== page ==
Proposals for a EU regulatory framework for crowdfunding and peer to peer finance

Tour Eiffel - Robert Delaunay

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The European Union (EU), with regard to its aim to establish a Capital Market Union (CMU), has initiated, through the European Commission, a legislative proposal for the regulation of two very relevant issues of the EU, which are crowdfunding and crowdlending (in Spain known as plataformas de financiación participativa), and also peer to peer finance, which is a wider term that includes crowdlending and other financing platforms.

In Spain there is already a specific regulation for crowdfunding and crowdlending, while the peer to peer finance referred to other kind of platforms, such as promissory note and invoice discounting between individuals and non-financial entities, do not have a specific regulation, but continues to be regulated and overseen  by the Bank of Spain. However, in Spain peer to peer finance companies can outsource a payment entity authorized by the Bank of Spain, avoiding its requirement of authorization to operate as a payments entity.

This initiative will be developed over the next year 2018, and will face significant challenges, because each member state is regulating this subject with different approaches. Due to this situation, it was expected that the EU would try to establish a common framework to harmonize the regulations emerging, and also ensure the companies operating in this field may have the chance to work across all the EU. Due to the absence of this harmonization, at this moment crowdfunding and peer to peer finance companies are very focused on a national level.

During four weeks any interested party can submit comments. For this purpose you can visit this Link.

The European Commission has identified four alternatives on how to approach the regulation of crowdfunding and peer to peer finance:

Not legislating: Although the initiative clearly shows that this approach is not desirable, especially because it harms companies’ growth and the CMU, it is considered a possible alternative to be taken into account. In this sense, each member state would be able to regulate crowdfunding and peer to peer finance at its sole discretion. Therefore, the Commission would act as a mere mediator and supervisor, with the purpose to promote the harmonization of the national legislations. I think this alternative would be an error.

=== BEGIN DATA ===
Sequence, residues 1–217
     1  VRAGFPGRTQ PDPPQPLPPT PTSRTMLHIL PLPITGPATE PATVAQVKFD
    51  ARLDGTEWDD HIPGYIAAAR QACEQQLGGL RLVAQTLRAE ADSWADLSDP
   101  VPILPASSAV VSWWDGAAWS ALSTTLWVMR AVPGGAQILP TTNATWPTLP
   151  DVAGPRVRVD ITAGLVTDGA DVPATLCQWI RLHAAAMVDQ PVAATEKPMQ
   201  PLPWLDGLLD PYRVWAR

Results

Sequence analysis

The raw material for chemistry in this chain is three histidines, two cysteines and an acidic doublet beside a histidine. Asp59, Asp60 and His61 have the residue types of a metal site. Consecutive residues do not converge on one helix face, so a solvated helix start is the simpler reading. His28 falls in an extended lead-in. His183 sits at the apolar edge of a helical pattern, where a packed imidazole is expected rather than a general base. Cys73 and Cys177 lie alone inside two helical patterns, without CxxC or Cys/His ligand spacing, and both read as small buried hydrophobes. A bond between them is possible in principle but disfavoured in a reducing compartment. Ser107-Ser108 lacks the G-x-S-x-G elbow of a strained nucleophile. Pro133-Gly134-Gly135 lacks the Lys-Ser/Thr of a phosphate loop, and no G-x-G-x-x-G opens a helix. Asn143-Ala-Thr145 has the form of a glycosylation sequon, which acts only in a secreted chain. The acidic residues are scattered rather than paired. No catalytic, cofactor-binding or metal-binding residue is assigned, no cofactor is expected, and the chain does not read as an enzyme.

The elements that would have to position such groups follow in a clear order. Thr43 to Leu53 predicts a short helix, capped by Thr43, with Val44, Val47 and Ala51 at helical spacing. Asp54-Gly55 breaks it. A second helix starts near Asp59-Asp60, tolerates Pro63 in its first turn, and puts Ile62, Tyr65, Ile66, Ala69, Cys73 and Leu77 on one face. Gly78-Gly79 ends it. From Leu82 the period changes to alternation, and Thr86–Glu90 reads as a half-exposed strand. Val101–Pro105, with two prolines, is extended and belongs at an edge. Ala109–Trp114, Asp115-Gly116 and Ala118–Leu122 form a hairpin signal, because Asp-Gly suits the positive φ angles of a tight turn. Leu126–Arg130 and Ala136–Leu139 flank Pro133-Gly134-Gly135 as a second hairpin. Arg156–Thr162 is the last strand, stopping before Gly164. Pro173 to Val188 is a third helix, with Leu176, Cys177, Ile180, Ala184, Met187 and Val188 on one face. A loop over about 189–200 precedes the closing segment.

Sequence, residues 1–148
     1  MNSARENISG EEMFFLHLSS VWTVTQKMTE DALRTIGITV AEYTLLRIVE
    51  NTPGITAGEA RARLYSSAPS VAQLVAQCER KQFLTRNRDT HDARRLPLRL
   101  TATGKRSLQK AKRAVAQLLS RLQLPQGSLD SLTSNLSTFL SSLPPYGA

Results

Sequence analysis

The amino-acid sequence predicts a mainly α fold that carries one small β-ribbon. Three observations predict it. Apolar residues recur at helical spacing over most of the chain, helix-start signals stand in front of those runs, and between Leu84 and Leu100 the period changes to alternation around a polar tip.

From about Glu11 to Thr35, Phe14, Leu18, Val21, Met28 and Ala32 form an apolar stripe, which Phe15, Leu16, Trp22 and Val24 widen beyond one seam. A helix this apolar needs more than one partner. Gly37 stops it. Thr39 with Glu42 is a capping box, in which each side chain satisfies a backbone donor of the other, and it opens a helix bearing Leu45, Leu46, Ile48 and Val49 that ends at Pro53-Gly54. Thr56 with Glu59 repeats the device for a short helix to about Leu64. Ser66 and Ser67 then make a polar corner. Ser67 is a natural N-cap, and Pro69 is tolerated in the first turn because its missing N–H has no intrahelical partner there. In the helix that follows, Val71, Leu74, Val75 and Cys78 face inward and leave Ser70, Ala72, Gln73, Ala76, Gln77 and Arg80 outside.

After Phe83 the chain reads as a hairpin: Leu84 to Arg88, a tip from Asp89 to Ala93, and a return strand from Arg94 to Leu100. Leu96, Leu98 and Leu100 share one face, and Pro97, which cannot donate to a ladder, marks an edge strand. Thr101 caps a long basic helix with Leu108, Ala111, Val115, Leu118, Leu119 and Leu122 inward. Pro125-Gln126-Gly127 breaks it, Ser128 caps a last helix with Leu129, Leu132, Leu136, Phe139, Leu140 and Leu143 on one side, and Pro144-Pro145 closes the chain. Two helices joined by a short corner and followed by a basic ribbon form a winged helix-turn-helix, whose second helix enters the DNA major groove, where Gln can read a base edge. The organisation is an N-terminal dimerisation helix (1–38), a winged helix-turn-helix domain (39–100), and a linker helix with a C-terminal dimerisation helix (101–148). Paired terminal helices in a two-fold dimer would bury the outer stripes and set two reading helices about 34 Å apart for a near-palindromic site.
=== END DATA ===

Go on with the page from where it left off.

Self-regulation with minimum EU standards: In this case, the Commission would conduct a study of the measures implemented throughout the EU, identify the measures it considers most appropriate and prepare a non-binding recommendations on good practices. Therefore, it responds to the not legislating alternative, but with the aim to create a reputational EU framework for Fintech.

Harmonization of regulations in the EU: In this case, the EU would create a single regulatory framework, in which crowdfunding platforms would be considered as regulated markets or payment entities. Therefore, companies engaged in these activities would require a prior license from the EU to operate. In addition, this alternative includes a second way, consisting of a minimum EU framework. Nowadays this alternative is still viable, however, over time its implementation will be more complicated to be completed.

EU regulations only applicable to cross-border transactions: The last and fourth alternative identified is referred to maintaining the national legislation of each member state, applicable only to companies operating on a national level. However, in case of cross-border aspects involved, national legislation would be left out and the opt-in by the company to the EU regulations would be required. Therefore, each company could decide if opt-in the EU laws, acquiring the license to operate throughout the EU CMU or, stay limited to the national level, in which case the national legislation would apply to it, excluding the EU rules on crowdfunding and peer to peer finance.